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WAGES

The compensation agreed upon by a master to be paid to a servant, or any other person hired to do work or business for him. In maritime law. The compensation allowed to seamen for their services on board a vessel during a voyage. In political economy. The reward paid, whether in money or goods, to human exer- tion, considered as a factor in the production of wealth, for its co-operation in the process. "Three factors contribute to the production of commodities,

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WAGES EXPENSE

Account used by the company to pay the employees wages.

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WAGES PAYABLE

Account used by the company to record compensation for their employees before they are distributed.

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WAGNER ACT

the name given to a National Labour Relations Act that gives workers to right to form unions and to collectively bargain with employers.

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WAGON

A common vehicle for the transportation of goods, wares, and merchandise of all descriptions. The term does not include a hackney-coach. Quigley v. Gorham, 5 Cal. 418, 63 Am. Dec. 139.

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WAIF

Waifs are goods found, but claimed by nobody; that of which every one waives the claim. Also, goods stolen and waived, or thrown away by the thief in his flight, for fear of being apprehended. Wharton. Waifs are to be distinguished from bona fugitiva, which are the goods of the felon himself, which he abandons in his flight from Justice. Brown. See People v. Kaatz, 3 Parker, Cr. It. (N. Y.) 138; Hall r. Gilder- sleeve, 36 N. J. Law, 237.

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WAIN-BOTE

In feudal and old English law. Timber for wagons or carts. WAINABLE 1216 WALL

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WAINAGE

In old English law. The _ team and instruments of husbandry belong- (J ing to a countryman, and especially to a villein who was required to perform agricultural services.

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WAINAGIUM

What is necessary to the P farmer for the cultivation of his land. Bar- ring. Ob. St. 12.

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WAITING CLERKS

Officers whose duty it formerly was to wait in attendance Qupon the court of chancery. The ollice was abolished in 1S42 by SL 5 & 0 Vict. c. 103. Mozley & Whitley.

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WAITING PERIOD

Period of time between filing a statement of registration and its effective date.

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WAITING TIME

Period in a job where an employee is unable to work because of factors he has no control over.. Also known as allowed time, idle time, downtime.

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WAIVE

This means to relinquish or to give up a right, benefit or privilege and implies that the person knows what he is doing.

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WAIVE, n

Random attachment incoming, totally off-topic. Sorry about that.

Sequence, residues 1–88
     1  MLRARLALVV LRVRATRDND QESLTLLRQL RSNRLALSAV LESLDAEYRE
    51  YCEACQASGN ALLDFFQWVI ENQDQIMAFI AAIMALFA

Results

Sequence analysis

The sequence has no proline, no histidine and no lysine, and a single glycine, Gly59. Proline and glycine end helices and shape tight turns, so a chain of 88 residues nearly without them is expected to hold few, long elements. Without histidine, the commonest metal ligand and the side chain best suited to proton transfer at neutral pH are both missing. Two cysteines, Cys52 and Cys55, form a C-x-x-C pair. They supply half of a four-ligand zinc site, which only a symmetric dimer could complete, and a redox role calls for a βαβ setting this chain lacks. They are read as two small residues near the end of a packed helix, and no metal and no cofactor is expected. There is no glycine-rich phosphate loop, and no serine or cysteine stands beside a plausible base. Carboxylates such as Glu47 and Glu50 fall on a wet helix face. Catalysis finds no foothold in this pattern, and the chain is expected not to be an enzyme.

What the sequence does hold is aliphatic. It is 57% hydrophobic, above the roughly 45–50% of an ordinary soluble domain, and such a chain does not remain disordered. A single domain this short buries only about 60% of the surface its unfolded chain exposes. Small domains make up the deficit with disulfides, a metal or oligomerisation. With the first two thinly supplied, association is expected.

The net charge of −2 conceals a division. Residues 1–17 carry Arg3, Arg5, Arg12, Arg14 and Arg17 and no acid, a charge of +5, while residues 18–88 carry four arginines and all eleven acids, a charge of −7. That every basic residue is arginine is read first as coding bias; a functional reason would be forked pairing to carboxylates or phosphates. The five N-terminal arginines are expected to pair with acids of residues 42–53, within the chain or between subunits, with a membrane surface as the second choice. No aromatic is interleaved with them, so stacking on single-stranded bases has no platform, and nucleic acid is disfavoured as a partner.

A woman outlawed. The term is, as it were, the feminine of "outlaw," tlie latter being always applied to a man; "waive," to a woman. Cowell.

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WAIVE, v

To abandon or throw away; Ras when a thief, in his flight, throws aside the stolen goods, in order to facilitate his escape, he is technically said to waive them. In modern law, to renounce, repudiate, or surrender a claim, a privilege, a right, or the opportunity to take advantage of some defect, C irregularity, or wrong. A person is said to waive a benefit when he renounces or disclaims it, and he is said to waive a tort or Injury when he abandons the remedy which the law gives him for it j Sweet.

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WAIVER

The renunciation, repudiation, abandonment, or surrender of some claim, right, privilege, or of the opportunity to take advantage of some select, irregular- Vity, or wrong. The passing by of an occasion to enforce a legal right, whereby the right to enforce the same is lost; a common instance of this is where a landlord waives a forfeiture of a lease by receiving rent, or distraining for M rent, which has accrued due after the breach of covenant causing the forfeiture became known to him. Wharton. This word is commonly used to denote the declining to take advantage of an irregularity in legal proceedings, or of a forfeiture incurred through breach of covenants in a lease. A gift of goods may be waived by a disagreement to accept; so a plaintiff may commonly sue in contract waiving the tort Brown. See Bennecke v. Insurance Co., 105 U. S. 355, 20 L. Ed. 990; Christensen v. Carleton, 69 Vt 91. 37 Atl. 226; Shaw v. Spencer, 100 Mass. 395, 97 Am. Dec. 107, 1 Am. Bep. 115; Star Brewery Co. v. Primas, 103 111. 652, 45 N. E. 145; Reid v. Field, 83 Va. 26, 1 S. E. 395; Caulfield v. Finnegan, 114 Ala. 39, 21 South. 484; Lyman v. Little ton, 50 N. H. 54; Smiley v. Barker, 83 Fed. 684, 28 C. C. A. 9; Boos v. Ewiug, 17 Ohio, 523, 49 Am. Dec. 478.

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WAIVER EXPRESS

a term that applies to the intentional giving up of a known right.

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WAIVER IMPLIED

the intention to give up a right, benefit or a privilege by conduct that a waiver will be given.

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WAIVER OF COINSURANCE

Clause saying co-insurance need will not be considered.

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WAIVER OF EXEMPTION

the giving up intentionally by a debtor his right to exempt property from claims of a creditor.

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